It seems like director Deon Taylor might be the only filmmaker actively keeping the mid-budget adult thriller alive in this age of extinction. Plus, he’s prolific: His topical corrupt-cop drama “Black and Blue” is his second 2019 film, arriving just a few months after his surprisingly entertaining and campy home invasion horror thriller “The Intruder.”
Taylor’s work is broad melodrama; subtle it is not. But he has a knack for efficiently executing a killer premise, and he works with excellent cinematographers. Daniel Pearl, who shot the original “The Texas Chainsaw Massacre,” lensed “The Intruder,” and Dante Spinotti, the legendary director of photography who shot the likes of Michael Mann’s “Heat,” is appropriately behind the camera for the cops and dealers tale that is “Black and Blue” (he previously worked with Taylor on 2018’s “Traffik”).
Set in New Orleans’ Ninth Ward, the contained chase film follows a female police officer, Alicia West (Naomie Harris), who has captured an officer-involved shooting on her body camera. As she tries to make her way back to her precinct to upload the footage and enter it as evidence against the cabal of cops murdering their informants, Alicia has to dodge both the black folks in the neighborhood who are suspicious of her uniform, and the boys in blue who can’t be trusted. Think Walter Hill’s “The Warriors,” but with a lone woman trying to cross town while dodging gangsters and law enforcement.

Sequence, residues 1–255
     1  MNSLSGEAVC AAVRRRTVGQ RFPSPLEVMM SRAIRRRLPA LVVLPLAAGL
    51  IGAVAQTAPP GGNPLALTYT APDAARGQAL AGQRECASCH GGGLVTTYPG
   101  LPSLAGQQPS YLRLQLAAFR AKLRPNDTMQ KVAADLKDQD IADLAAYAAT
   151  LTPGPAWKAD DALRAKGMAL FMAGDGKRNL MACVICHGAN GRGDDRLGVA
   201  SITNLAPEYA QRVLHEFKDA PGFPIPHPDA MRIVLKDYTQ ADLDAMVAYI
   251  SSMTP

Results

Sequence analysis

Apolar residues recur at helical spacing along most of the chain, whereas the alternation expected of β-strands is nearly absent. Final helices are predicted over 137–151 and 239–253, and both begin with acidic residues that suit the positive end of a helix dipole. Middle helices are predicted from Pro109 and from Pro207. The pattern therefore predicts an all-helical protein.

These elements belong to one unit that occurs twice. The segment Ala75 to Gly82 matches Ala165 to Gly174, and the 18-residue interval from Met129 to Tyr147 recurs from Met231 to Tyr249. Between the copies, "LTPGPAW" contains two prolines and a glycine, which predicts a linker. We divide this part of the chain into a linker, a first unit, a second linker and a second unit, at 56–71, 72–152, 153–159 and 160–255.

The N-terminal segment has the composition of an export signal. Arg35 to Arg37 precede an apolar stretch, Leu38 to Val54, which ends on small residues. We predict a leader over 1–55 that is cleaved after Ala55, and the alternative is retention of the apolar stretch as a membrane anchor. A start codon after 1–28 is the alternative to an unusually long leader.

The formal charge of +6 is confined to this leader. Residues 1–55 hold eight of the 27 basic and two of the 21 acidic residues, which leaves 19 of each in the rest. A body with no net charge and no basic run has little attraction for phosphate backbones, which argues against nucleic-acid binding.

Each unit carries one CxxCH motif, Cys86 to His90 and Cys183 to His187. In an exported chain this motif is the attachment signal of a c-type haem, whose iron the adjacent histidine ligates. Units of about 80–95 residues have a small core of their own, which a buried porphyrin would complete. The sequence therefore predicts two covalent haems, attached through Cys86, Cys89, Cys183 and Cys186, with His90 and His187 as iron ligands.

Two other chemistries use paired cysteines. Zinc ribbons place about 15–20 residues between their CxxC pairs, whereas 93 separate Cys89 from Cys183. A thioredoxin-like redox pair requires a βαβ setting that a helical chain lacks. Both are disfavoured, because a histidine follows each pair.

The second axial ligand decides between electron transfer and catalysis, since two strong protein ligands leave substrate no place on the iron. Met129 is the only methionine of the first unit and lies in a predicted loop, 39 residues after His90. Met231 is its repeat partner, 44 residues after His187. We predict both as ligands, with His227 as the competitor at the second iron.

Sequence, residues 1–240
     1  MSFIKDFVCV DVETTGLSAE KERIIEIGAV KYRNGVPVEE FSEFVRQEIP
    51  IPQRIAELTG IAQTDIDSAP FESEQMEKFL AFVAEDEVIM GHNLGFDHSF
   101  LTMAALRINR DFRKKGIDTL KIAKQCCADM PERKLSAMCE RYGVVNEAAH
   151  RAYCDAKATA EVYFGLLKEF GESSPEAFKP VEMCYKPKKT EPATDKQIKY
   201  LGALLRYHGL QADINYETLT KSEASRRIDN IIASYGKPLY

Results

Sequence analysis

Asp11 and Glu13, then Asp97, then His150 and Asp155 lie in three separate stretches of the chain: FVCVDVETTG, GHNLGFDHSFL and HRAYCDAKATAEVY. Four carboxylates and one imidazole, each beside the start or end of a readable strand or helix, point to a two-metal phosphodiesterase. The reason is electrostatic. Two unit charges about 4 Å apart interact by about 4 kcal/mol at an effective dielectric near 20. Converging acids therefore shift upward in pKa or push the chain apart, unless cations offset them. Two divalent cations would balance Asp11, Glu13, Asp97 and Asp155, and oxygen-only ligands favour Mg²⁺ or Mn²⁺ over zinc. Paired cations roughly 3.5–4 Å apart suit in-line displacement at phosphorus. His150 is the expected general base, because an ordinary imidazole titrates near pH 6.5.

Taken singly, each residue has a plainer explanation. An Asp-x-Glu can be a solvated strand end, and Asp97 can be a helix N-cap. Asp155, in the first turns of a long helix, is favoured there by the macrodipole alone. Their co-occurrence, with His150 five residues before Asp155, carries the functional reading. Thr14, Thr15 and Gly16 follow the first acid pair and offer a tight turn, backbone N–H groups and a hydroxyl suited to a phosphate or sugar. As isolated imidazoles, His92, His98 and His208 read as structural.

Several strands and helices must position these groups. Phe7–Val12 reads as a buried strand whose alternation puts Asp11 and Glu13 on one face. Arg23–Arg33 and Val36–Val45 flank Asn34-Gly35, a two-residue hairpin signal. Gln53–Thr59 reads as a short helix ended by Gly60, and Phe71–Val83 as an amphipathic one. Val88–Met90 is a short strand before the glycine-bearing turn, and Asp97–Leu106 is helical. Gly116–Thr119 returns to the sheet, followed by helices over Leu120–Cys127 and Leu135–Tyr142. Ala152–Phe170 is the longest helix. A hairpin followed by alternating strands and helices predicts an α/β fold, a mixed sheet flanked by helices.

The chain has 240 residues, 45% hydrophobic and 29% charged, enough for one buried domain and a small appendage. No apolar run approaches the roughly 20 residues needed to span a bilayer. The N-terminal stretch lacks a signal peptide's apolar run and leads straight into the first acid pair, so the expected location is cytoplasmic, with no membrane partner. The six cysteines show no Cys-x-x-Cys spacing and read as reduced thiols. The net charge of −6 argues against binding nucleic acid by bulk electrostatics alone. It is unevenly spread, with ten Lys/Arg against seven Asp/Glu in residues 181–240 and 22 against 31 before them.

Taylor’s film uses the current news moment to play with the idea of being watched, and to underscore the power of images in pursuit of truth and justice. It reminds us we live in a “pics or it didn’t happen” world, where video (whether bodycam or viral) has the power to condemn or exonerate. This is a point Taylor drives home with visual storytelling. As Alicia faces her foe, Malone (Frank Grillo), during a climactic confrontation, smartphones capture the showdown. Taylor’s camera picks out images of graffiti eyes looming down on them like silent witnesses. It’s a brutally obvious metaphor, but Taylor makes the effort to show it, not tell.
Both Grillo and Harris are powerful actors, and Taylor unleashes them in a way they don’t often get to do. Tyrese Gibson and Mike Colter, who play Alicia’s reluctant ally Mouse and a drug kingpin, respectively, feel miscast. Colter, who can’t hide the inherent decency he projects, would have excelled in Gibson’s role, which is a bit of a stretch for him, while Gibson would have appropriately stunted as the flamboyant, sadistic gangster.
“Black and Blue” is big and broad. There is no stone unturned, no symbol unexploited, and the emotional tenor is at an 11. It’s melodrama for sure, and there’s absolutely no chance of interpreting his film differently than the way he intended, for better or for worse. Too late in the game, Peter A. Dowling’s script overreaches, trying to connect the corruption to disasters like Hurricane Katrina and federal neglect. They don’t quite pull that one off, but damned if the rest of this lean, mean thriller isn’t exceptionally effective.